I did this a lot in college, and still do sometimes. It's a difficult habit to break, especially when it's been going on for so long - as it has for your girlfriend.

The root of the problem, for me, was depression and anxiety. I would act "normal" for weeks on end while worries and fears piled up in the back of my mind, until one day I'd stare at my ceiling for too long...

Usually when this happened, I felt paralyzed and practically mute. I lacked an emotional vocabulary to express how I felt, and couldn't articulate what was bothering me (in part because I'd been ignoring my problems). So I would be very withdrawn and kind of get lost in my own head for a while.

Things that helped:

  • Patience and reassurance, non-verbal comforting like hugs or bringing her a cup of tea. She might not want to talk, and prefer you just let it pass. But she is probably feeling vulnerable, and so it helps to know that you are still there for her. (This can also look like bringing her a blanket and just checking in on her every so often, if she wants to be alone.)

  • Simple or "leading" questions. This helped when I was open to talking, but didn't know how to. If you asked "what are you thinking about?", I honestly couldn't say. But if it was, "are you worried about [x]?", I could figure that out. Instead of "how do you feel?", try sharing a list of emotion words with her and asking which ones she is experiencing. Yes/no questions are easy to answer vs. giving a full explanation.

  • Distractions. Put on a movie, make dinner, play a board game. I even got tickled a few times (YMMV!! make sure you are still respecting her boundaries, of course). Sometimes I just needed a push to get back out of my own head. This works best if you can recognize when an episode is starting and nip it in the bud, so to speak.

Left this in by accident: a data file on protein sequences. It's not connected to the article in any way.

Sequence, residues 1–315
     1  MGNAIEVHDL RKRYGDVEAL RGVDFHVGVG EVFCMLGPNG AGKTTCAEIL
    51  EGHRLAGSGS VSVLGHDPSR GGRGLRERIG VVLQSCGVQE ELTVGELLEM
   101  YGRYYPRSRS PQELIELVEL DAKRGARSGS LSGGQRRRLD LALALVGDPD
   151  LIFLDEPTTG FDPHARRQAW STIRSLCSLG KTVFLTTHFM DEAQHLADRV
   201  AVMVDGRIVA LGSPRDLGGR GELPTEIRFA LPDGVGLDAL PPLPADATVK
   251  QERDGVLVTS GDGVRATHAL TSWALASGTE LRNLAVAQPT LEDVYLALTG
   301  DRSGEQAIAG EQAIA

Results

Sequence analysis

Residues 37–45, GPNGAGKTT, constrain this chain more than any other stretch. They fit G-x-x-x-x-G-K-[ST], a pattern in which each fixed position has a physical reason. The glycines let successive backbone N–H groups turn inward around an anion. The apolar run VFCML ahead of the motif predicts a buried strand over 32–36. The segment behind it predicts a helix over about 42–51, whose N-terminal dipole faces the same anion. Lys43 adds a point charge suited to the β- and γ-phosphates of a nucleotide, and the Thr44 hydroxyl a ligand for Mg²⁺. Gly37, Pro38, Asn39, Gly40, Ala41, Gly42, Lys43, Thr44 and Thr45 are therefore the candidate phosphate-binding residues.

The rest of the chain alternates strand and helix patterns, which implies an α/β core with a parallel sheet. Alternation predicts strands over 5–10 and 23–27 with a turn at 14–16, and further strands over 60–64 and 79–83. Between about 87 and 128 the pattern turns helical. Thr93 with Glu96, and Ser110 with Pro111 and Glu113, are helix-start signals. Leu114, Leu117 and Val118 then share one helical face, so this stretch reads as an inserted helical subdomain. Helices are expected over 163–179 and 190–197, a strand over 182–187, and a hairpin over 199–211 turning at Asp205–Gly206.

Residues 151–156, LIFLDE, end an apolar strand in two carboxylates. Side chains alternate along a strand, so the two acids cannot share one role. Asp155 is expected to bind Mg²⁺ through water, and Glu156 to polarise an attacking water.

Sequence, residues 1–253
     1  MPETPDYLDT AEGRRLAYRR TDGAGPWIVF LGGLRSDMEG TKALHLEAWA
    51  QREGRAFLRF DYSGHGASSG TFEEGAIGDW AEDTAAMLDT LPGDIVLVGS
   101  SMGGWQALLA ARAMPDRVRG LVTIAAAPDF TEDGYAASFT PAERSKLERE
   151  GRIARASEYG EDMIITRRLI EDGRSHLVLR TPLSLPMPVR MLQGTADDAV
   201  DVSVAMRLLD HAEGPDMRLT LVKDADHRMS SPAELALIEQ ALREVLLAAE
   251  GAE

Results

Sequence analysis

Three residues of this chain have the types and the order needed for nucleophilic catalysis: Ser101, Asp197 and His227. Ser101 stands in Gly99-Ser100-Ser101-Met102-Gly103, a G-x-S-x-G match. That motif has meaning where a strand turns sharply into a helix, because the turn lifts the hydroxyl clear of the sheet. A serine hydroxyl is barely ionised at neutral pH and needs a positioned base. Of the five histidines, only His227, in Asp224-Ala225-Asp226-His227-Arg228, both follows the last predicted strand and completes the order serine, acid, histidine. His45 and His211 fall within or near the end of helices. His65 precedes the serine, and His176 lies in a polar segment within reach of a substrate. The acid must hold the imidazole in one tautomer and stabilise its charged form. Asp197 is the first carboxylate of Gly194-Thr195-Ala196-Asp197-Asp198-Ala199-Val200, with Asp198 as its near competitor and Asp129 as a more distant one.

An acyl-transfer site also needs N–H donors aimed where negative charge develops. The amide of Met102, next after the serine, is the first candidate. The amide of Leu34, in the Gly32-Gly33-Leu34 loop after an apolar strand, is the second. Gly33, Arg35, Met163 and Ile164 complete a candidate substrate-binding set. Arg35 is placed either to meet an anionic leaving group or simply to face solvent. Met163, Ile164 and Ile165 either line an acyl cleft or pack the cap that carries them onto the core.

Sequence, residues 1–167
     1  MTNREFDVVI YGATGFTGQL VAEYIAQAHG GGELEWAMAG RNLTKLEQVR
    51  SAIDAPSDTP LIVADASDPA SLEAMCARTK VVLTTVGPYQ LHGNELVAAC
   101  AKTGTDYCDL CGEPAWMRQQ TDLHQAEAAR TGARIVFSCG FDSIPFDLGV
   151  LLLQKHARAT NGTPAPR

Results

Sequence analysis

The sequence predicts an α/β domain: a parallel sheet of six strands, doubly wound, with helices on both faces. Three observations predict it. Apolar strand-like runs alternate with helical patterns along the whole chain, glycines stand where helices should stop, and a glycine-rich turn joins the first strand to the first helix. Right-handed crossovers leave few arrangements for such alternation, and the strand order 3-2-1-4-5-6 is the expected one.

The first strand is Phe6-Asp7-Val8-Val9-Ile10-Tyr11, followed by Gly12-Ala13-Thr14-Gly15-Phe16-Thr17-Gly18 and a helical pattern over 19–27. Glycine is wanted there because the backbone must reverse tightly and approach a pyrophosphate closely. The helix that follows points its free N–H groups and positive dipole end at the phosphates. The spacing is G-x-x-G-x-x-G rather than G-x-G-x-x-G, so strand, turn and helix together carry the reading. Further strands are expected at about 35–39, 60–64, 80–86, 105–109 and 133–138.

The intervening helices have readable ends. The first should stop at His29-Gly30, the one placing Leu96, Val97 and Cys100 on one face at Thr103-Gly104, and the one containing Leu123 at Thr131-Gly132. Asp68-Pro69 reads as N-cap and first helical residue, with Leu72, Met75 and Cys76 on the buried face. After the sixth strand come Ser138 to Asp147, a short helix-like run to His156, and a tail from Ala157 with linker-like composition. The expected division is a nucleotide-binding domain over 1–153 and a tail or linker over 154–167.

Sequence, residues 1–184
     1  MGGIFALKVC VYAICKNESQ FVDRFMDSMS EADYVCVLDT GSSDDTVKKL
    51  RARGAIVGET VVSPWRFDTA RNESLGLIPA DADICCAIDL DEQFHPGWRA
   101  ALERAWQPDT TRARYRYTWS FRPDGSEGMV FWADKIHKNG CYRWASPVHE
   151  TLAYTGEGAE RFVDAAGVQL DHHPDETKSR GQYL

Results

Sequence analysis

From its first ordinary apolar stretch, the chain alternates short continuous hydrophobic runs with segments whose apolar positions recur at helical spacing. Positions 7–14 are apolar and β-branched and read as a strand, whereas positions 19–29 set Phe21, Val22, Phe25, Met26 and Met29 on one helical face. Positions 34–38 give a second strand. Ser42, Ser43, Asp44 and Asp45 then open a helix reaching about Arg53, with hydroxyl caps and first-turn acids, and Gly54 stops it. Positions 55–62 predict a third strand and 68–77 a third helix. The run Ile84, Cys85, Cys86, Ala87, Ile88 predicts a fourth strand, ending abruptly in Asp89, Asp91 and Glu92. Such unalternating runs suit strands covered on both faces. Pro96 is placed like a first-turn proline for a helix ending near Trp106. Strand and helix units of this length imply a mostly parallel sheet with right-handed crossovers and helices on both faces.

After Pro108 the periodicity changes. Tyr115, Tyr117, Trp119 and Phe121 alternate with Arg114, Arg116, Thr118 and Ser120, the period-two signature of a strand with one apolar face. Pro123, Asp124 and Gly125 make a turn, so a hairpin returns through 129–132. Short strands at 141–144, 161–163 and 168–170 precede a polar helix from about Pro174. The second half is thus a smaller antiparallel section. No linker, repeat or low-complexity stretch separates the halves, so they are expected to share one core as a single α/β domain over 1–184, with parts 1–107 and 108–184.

However, I still think you should encourage her to consult a professional. It is one thing for you to comfort her for an evening, but tackling the root of the problem is a much bigger undertaking, and a professional will know how to diagnose and treat it properly.

  • So as for the tickling, an absolute no-go. How should I put on a movie or something like that while not seeming like I'm "Ignoring" her. I'm also wondering how I can provide care to show I'm there while not physically cuddling. This is my first real relationship so I'm still new at this. – GiantSilver Nov 2 '17 at 16:50
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    @GiantSilver Hm, does she have a favorite feel-good movie? You could suggest that. You're right, I wouldn't just put it on and start watching, definitely involve her if you can :) Or, for me it often helped just to know my boyfriend was available if I was ready to talk, even if he was playing video games or doing homework. Small gestures like bringing a glass of water or some tissues can mean a lot, too. It really depends on her and your dynamics. – Em C Nov 2 '17 at 17:46
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    @giantsilver Acknowledgement and respect are key here. Get face to face. Ask if you can do anything. Maybe get more specific - "Can I get you something? A blanket? Food? Do you want to watch something?" Offer to leave ("Do you want to be alone?"), be with her ("Wanna snuggle?"), or stay nearby. More cautiously, perhaps humor would work for you: "Hey, I lost you for a second there." or "Welcome back, how was outer space?" Whatever method works for you, don't overdo it. If she keeps saying no or ignores you, back off. "Okay, well let me know if you need anything. I'm here for you/I love you." – feelinferrety Nov 2 '17 at 21:33